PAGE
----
DNR and AMD

DNR – three little letters – so easy to say

But DNR is an acronym for Do Not Resuscitate, and that is a life and death matter. It seems to go against our very instinct for survival!

DNR is generally taken as a direction to medical staff that a patient does not wish to have cardiopulmonary resuscitation (CPR) if their heart stops or if they stop breathing. Unless given other instructions, hospital staff will try to revive any patient whose heart has stopped or who has stopped breathing. However, sometimes people who are critically ill with no hope of improvement would prefer to be allowed to die naturally.

How do you arrange a DNR instruction for medical staff? Do people really understand what it means and is their understanding the same as the medical profession’s? It is rather critical to make sure that there is no room for misinterpretation. The best way is to set up an Advance Directive, which is also known as a Living Will.

An advance directive lets your doctor know what kind of care you would like to have if you become unable to make medical decisions (if you are in a coma, say). For example, the directives would describe what kind of care you want if you have an illness that you are unlikely to recover from, or if you are permanently unconscious. Although advance directives usually tell your doctor that you don’t want certain kinds of treatment they can also say that you do want a certain treatment no matter how ill you are.

You can only make an advance directive while you are of sound mind. A good advance directive describes the kind of treatment you would want depending on how sick you are.

Hospital staff will probably talk to you about advance directives if you are admitted to the hospital with a potentially life threatening condition. For example, someone who has been diagnosed with terminal cancer might decide that they do not want to be put on a respirator if they stop breathing. This decision can help reduce suffering and increase peace of mind by giving the person control over their own death. Of course, medical staff will still do their utmost to alleviate distressing symptoms with palliative and nursing care and by administering pain relief.

An advance directive only comes in to effect if you are not able to communicate or participate effectively in decisions about your medical care and treatment.  Also, two independent physicians have to be of the expert opinion that you are unlikely to regain a quality of life that you consider acceptable. You can specify the circumstances where that is to apply and you can appoint someone as your medical attorney to make those crucial decisions for you. You can change your mind about decisions you have made if you are still able to communicate so you are not stuck with the instructions written in your advance directive.

It is true that people who are seriously or terminally ill are more likely to have an advance directive. However, even if you are in good health, you might want to consider writing an advance directive. An accident or serious illness can happen suddenly, and if you already have a signed advance directive, your wishes are more likely to be followed.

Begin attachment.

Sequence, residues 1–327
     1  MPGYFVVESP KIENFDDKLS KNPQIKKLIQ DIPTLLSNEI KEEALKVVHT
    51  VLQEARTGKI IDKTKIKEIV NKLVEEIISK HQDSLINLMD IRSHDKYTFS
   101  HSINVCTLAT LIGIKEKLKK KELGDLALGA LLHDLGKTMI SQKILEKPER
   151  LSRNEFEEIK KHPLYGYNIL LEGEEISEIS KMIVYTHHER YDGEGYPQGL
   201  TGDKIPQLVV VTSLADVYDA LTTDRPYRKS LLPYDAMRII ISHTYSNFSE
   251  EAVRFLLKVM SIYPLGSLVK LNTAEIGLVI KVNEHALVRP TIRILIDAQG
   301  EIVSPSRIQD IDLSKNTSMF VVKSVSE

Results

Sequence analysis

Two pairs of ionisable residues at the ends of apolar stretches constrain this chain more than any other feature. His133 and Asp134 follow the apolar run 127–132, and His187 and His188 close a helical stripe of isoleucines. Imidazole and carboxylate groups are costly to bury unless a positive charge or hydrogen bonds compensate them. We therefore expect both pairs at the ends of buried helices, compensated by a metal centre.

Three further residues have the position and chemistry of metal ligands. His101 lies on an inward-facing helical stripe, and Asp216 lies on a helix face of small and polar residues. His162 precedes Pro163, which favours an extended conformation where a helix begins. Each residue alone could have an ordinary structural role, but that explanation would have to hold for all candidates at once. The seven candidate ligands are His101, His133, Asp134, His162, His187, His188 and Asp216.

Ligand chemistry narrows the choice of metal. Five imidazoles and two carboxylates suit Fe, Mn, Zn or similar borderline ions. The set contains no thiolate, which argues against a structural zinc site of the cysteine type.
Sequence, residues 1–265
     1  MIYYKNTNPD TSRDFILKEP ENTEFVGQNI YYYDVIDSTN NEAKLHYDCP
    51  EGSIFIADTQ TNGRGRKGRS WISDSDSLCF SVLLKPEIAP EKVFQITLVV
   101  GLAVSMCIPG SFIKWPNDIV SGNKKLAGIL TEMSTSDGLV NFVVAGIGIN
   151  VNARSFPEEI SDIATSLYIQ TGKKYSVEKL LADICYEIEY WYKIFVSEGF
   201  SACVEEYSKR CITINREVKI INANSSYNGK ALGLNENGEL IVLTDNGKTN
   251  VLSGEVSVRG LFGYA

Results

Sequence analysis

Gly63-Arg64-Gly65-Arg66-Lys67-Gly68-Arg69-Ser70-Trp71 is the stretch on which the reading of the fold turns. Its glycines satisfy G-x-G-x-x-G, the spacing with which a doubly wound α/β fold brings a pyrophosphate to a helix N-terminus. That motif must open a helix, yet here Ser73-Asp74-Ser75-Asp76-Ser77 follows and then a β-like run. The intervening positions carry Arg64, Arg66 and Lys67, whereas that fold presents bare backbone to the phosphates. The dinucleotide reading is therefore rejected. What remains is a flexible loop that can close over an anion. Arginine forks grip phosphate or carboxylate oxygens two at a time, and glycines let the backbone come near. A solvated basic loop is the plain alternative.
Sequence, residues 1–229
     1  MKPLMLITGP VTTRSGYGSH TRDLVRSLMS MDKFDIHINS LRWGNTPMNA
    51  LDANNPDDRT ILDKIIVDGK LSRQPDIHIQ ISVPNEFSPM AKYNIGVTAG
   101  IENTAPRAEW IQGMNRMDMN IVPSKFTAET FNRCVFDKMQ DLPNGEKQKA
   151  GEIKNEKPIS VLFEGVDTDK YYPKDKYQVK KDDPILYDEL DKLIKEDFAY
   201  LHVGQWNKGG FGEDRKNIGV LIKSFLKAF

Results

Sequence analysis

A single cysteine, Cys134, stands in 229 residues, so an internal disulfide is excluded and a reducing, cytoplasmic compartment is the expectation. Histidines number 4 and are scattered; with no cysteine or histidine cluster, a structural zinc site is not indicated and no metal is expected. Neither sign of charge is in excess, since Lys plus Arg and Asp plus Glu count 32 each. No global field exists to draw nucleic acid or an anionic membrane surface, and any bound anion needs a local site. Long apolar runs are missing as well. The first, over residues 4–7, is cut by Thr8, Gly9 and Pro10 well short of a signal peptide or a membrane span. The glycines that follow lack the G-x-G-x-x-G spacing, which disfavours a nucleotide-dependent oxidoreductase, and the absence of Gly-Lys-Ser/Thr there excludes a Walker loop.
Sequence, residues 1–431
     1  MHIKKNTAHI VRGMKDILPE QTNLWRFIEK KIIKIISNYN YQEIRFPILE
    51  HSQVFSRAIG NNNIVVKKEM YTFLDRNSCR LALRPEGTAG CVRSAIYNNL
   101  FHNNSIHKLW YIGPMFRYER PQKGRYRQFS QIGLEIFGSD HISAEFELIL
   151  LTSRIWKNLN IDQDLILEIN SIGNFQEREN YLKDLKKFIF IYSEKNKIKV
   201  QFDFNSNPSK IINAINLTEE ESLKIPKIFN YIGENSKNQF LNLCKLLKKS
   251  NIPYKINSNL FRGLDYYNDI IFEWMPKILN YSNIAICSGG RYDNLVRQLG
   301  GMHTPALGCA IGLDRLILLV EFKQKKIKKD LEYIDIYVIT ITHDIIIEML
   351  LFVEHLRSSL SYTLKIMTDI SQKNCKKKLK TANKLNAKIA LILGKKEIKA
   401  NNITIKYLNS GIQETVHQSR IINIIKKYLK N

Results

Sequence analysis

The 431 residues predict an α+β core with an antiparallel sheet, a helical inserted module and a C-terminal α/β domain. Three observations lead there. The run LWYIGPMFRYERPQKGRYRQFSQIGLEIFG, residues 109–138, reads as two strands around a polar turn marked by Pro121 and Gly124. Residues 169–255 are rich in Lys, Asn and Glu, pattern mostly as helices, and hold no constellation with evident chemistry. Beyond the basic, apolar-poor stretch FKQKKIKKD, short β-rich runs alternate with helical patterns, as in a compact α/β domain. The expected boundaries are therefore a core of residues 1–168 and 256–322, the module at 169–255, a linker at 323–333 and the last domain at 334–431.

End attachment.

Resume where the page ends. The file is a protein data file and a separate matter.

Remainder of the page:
By creating an advance directive, you are making your preferences about medical care known before you’re faced with a serious injury or illness. This will spare your loved ones the stress of making decisions about your care while you are sick.

Your family and the medical profession are far more likely to appreciate an advance medical directive that has obviously been thought out rather than a simple DNR – Do Not Resuscitate notice – as an advance medical directive can be tailored to your specific medical circumstances.

End of life care is a hot topic and it all comes down to one word – communication. Make sure someone knows what your wishes are and it’s far easier for everyone involved if you have those wishes set down in writing in the form of an Advance Medical Directive.

An Advance Medical Directive is one of three documents every adult should have in place – the others are a Power of Attorney and a Will.Hastings Legal Lab

Hastings Legal are designated Solicitors for Older People Scotland in the Scottish Borders.

If you are too ill to come to us, don’t worry, one of our solicitors can visit you at home or in Hospital

What is an Advance Directive?

An Advance Directive is a clear statement in advance to your doctors and relatives as to your wishes regarding healthcare and treatment should certain extreme conditions arise.

For example, if you were in the very last stages of a terminal illness and got the flu it would probably end your life. Your doctor might suggest a course of antibiotics to extend your life by a few days or weeks. Many people, however, would not want this and choose to make their wishes known in advance. This can be done by preparing an Advance Directive.

Why do I need one?

If you were terminally ill, unconscious and unaware of what was happening around you with no hope of recovery, would you want the decision about whether to withdraw futile medical treatment to be put in the hands of a loved one? If you are unable to make decisions about your medical treatment, it is usually left up to your next of kin to make the decisions. A relative placed in this situation may feel troubled and even guilty over any decision they make. If you prepare clear instructions in advance it allows doctors and relatives to go along with what you want.